Virtual HPN Expo - bringing collaboration and innovation in healthcare into 2020
Hospitals across the UK transformed their working practices this spring in order to cope with the massive surge in patient numbers that resulted from the COVID-19 pandemic. Non-essential surgery was postponed, wards were divided into “red” and “green” zones to avoid cross-contamination, and the new Nightingale field hospitals were constructed to accommodate less serious cases of the virus.
The UK government relaxed some reporting requirements in an attempt to relieve hospitals of some of their administrative burdens, but with many staff self-isolating or sick, this still left a great deal of paperwork to be managed by smaller teams. Patient records needed to be accessible by both clinical and back-office employees – never more so as an increasing number of hospitals established special teams to handle the queries that flood in from concerned families and friends – while documentation relating to equipment orders, invoices and deliveries became more crucial than ever.
This process has been easier for those organisations who had already begun to implement programmes of digital transformation before the coronavirus outbreak. A number of NHS Trusts had already recognised that at the heart of achieving an efficient, shared online record system lay the ability to capture the right information in the first place.
Not just a scan
Although many health organisations had already adopted scanning systems in order to store all paper-based documents electronically, this frequently consisted of simply capturing the image of the document. Without the manual input of contextual data such as patient record number, invoice number or some other identifier, the image would be completely useless. A clinician might scan in an update to a medical record, but further human intervention would be required to link this to a patient, a doctor, a laboratory or an entirely different medical unit. In the meantime, a letter from a GP relating to the same patient might arrive by email, requiring an equal level of manual intervention.
The same problem can apply to other unstructured documents. Invoices, purchase orders or delivery notes also arrive in a variety of different formats and demand time from back-office staff to convert them into meaningful information.
Make AI do the filing
Real efficiency can only be achieved when everything from admission forms to discharge summaries, and from purchase orders to delivery notes, can be categorised automatically. The technology to do this uses Artificial Intelligence within the scanning process. Instead of simply capturing an image, the software can look at the document, compare this against its own knowledge base and draw a conclusion about what type of document this is. In a clinical context, that might encompass anything from anaesthetic notes to referrals and observations.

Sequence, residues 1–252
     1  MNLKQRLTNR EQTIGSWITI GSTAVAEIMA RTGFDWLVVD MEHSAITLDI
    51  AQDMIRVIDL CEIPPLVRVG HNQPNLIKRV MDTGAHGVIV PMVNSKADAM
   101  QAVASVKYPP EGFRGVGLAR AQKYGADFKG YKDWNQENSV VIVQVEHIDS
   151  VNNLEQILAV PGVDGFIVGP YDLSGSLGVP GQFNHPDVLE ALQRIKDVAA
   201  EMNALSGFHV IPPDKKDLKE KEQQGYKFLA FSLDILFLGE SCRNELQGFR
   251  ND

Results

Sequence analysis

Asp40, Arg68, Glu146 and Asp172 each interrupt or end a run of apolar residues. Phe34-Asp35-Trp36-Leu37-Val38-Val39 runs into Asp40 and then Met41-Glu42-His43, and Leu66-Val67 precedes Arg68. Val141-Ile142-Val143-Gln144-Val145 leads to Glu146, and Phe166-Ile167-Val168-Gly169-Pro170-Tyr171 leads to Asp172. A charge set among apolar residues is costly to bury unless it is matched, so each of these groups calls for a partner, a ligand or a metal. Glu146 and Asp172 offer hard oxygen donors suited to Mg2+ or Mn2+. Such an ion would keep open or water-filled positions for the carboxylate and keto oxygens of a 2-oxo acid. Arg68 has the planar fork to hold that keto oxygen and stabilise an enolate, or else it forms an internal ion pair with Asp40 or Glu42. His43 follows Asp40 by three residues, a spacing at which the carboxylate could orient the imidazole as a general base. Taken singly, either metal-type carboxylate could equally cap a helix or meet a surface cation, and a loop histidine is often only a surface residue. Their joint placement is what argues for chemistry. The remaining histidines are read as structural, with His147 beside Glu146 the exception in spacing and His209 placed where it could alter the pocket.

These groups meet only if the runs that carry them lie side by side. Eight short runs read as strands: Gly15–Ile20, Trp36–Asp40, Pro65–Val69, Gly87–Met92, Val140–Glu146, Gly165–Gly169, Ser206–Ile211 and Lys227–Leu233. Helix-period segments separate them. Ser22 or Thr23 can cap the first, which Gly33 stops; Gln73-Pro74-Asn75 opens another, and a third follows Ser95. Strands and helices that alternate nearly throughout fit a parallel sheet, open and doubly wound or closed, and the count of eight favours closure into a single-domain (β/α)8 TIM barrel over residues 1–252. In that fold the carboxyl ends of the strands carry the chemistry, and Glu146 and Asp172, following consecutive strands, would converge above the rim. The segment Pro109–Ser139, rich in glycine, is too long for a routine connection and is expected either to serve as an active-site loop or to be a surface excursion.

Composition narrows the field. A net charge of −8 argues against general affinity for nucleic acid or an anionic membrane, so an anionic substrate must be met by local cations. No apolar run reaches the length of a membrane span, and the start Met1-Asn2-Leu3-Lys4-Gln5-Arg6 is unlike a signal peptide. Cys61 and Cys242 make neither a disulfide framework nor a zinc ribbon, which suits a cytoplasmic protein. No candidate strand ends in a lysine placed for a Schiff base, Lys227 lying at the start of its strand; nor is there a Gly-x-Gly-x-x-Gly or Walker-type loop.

The next stage is to extract essential information from the document. In the case of medical records, these might range from NHS number or case note number to date of birth or even pharmaceutical reference codes. Using text recognition technology, the software can capture these details and convert them into linkable fields, thereby adding the context that transforms a two-dimensional image into three-dimensional information. In the words of one NHS Trust IT manager, “Now you can tell that X is the same as Y.”
Putting it all in context
Artificial Intelligence is not instantaneous; it takes time for the software to build its understanding of different types of documents and to learn the range of identifying codes, text or numbers. As it does so, however, the amount of intervention required decreases steadily, until finally, it’s possible to put a record into a scanner and simply press “go”. Anything that the software is unable to identify definitively will be flagged and passed to a human for verification.
The result is a bank of electronic information, not simply a folder full of images. Instead of time being spent pulling files off shelves and delivering them to the other side of the hospital, it can be devoted to scanning, validating and reviewing patient records. Administrative staff can devote themselves to delivering smoother patient journeys, while clinicians can be confident that they have all the information that they need about a patient in one place, instantly. And that means better patient outcomes.
A vision for the future: collaboration across all services
Ultimately, we believe that the integration of records across the entire healthcare community will be achieved – between hospitals, GPs, social care, hospices, community services and possibly others. We still have a long way to go, but the COVID-19 crisis has reminded us how much we depend not only upon our NHS but upon our care system – and we owe it to the frontline staff to give everyone the infrastructure they need.
Glen Hodgson discusses some of the recent Scan4Safety findings as well as why point-of-care scanning will improve patient safety for years to come